Germany's first post-World War 2 submarine became the coastal patrol-minded "Type 201" (detailed elsewhere on this site). While twelve were planned for the class, just three were built when it was found that their anti-mine hulls were prone to fracturing under basic use. This led to short service lives for the group and the boats were out of service as soon as 1967. To shore up the deficiencies in the Type 201 design, the "Type 205" class was quickly drawn up using a basic single-layer, steel hull. Like the Type 201 boats, the new class was developed for shallow water work in and around the Baltic Sea with the primary enemy of the time being the Soviet Union. For the role, the boats were crewed by a modestly-sized complement and showcased compact dimensions.
All thirteen of the planned boats of the class were completed and three of the lot were eventually preserved once their days were over (the remaining boats were all stripped of their military usefulness and scrapped). Of the thirteen, eleven served with the West German Navy while two, Narhvalen (S320) and Nordkaperen (S321), were built for Denmark (both since scrapped). These were known locally as the "Narhvalen-class".
As built, the class displaced 412 tons (long) when surfaced and 450 tons when submerged. Length measured 145.3 feet with a beam of 15 feet and a draught of 12.5 feet. Power was from twin Mercedes-Benz V12 diesel units of 590 horsepower each coupled to a single BBC generator unit. There was also a single SSW electric motor in the mix and this outputting 1,500 horsepower to the single shaft. Surfaced ocean-going speeds could reach 10 knots with submerged speeds topping 17 knots. Range was out to 4,550 miles when heading at 4 knots. The hull was tested to depths of 330 feet (100 meters).
Aboard was a crew of 22 men (to include four officers). Armament was the typical array of 8 x 533mm (21") torpedo tubes and the boat had a built-in mine-carrying capability.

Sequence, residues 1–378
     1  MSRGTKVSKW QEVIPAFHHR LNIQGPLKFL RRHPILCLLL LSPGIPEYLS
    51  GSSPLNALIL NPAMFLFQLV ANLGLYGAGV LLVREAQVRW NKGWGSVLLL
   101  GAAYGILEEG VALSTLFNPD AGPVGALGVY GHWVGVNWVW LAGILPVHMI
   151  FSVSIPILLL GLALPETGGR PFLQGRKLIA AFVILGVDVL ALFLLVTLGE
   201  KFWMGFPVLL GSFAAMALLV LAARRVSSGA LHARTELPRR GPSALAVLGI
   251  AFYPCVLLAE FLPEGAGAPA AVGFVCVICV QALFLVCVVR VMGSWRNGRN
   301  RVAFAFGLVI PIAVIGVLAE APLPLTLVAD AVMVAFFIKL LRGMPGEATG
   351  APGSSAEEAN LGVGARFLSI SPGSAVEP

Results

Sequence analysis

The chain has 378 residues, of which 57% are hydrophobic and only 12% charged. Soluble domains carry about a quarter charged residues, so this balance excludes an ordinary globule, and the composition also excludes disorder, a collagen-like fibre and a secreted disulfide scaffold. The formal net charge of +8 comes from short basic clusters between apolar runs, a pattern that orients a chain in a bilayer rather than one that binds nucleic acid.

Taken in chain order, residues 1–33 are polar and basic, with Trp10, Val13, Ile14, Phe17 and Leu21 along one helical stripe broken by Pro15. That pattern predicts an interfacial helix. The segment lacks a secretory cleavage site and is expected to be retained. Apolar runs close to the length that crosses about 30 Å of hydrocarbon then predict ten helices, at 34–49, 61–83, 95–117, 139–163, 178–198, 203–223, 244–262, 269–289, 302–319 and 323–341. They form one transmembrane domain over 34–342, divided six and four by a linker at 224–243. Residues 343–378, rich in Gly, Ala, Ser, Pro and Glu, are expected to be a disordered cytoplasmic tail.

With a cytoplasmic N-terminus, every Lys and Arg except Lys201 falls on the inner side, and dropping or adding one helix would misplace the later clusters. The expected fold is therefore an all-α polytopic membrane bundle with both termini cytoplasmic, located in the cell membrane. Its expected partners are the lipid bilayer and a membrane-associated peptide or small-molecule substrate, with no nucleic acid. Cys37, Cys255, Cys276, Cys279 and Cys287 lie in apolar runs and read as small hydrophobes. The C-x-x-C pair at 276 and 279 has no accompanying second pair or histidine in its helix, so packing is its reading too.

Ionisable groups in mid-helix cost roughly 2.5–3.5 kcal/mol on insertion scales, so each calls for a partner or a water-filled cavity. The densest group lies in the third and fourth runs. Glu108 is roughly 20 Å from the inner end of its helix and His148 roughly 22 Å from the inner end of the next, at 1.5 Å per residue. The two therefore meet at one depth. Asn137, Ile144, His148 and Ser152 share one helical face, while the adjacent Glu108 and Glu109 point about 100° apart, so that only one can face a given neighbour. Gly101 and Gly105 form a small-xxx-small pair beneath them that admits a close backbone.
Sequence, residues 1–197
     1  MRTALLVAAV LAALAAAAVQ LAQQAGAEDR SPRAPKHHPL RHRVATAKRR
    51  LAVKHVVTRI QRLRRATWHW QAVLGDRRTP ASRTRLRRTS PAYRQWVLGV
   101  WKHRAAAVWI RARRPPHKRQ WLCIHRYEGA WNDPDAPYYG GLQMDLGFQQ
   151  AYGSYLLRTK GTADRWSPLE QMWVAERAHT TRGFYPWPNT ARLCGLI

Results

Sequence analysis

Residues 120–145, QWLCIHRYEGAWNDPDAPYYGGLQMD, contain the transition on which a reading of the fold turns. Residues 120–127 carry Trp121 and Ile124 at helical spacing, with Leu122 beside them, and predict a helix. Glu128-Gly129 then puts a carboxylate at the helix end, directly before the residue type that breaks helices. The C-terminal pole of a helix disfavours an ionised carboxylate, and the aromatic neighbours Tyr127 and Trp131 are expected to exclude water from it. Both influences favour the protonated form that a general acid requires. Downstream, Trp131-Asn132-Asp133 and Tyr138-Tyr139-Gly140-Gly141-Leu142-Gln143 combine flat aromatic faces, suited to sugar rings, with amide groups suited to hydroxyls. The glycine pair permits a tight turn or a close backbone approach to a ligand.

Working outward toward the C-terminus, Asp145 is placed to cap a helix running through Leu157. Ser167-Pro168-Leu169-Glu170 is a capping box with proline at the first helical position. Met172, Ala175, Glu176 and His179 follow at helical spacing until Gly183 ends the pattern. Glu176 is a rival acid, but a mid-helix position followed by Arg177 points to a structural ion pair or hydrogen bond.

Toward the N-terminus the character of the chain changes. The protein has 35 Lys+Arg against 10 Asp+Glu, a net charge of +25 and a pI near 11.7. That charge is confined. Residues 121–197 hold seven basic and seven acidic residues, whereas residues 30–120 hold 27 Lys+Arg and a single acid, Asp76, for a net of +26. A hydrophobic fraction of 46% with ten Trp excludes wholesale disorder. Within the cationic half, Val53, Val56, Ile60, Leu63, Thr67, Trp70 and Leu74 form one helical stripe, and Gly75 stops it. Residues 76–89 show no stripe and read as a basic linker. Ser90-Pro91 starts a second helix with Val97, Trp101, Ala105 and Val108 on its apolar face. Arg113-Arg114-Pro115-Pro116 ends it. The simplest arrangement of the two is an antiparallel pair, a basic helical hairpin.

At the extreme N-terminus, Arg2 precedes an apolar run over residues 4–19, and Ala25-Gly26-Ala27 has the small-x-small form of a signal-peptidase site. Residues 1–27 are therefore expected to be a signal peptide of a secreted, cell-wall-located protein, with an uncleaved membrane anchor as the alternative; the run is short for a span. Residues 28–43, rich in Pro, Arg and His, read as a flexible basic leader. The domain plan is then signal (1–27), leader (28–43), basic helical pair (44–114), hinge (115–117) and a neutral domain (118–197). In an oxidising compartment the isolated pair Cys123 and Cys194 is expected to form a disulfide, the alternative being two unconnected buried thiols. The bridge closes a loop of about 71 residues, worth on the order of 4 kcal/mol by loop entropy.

U-1 was launched on February 17th, 1967, commissioned on June 26th of that year, and operated until November 29th, 1991. She was beaten into service by U-4 which arrived on November 19th, 1962 (though only operating until August 1st, 1974). The last of the German boats became U-12, launched on September 10th, 1968, commissioned on January 14th, 1969 and decommissioned on June 21st, 2005. The class was notable enough to German navy history to see three of their number preserved as floating museums - these becoming U-9, U-10, and U-11.
The two boats built for the "Kongelige Danske Marine" (Danish Navy) operated from 1970 until 2004. Narhvalen was launched on September 10th, 1968, commissioned on February 27th, 1970 and decommissioned on October 16th, 2003. Nordkaperen followed when launched on December 18th, 1969, commissioned on December 22nd, 1970, and decommissioned on February 2nd, 2004.
(OPERATORS list includes past, present, and future operators when applicable)
Traveling under the surface to search, track, and / or engage or reconnoiter areas.
Activities conducted near shorelines in support of allied activities.
Active patroling of vital waterways and maritime areas; can also serve as local deterrence against airborne and seaborne threats.
Serving in support (either firepower or material) of the main surface fleet in Blue Water environments.
145.3 ft 44.29 m
15.1 ft 4.60 m
12.5 ft 3.81 m
2 x Mercedes-Benz V12 4-stroke marine diesel engines developing 590 horsepower (BBC generator unit) with 1 x SSW electric motor of 1,500 horsepower driving 1 x Shaft.
10.0 kts (11.5 mph)
17.0 kts (19.6 mph)
3,954 nm (4,550 mi | 7,323 km)
kts = knots | mph = miles-per-hour | nm = nautical miles | mi = miles | km = kilometers
1 kts = 1.15 mph | 1 nm = 1.15 mi | 1 nm = 1.85 km
8 x 533mm (21") torpedo tubes with support for dispensing naval mines as needed.
(Not all weapon types may be represented in the showcase above)
Ribbon graphics not necessarily indicative of actual historical campaign ribbons. Ribbons are clickable to their respective naval campaigns / operations / periods.
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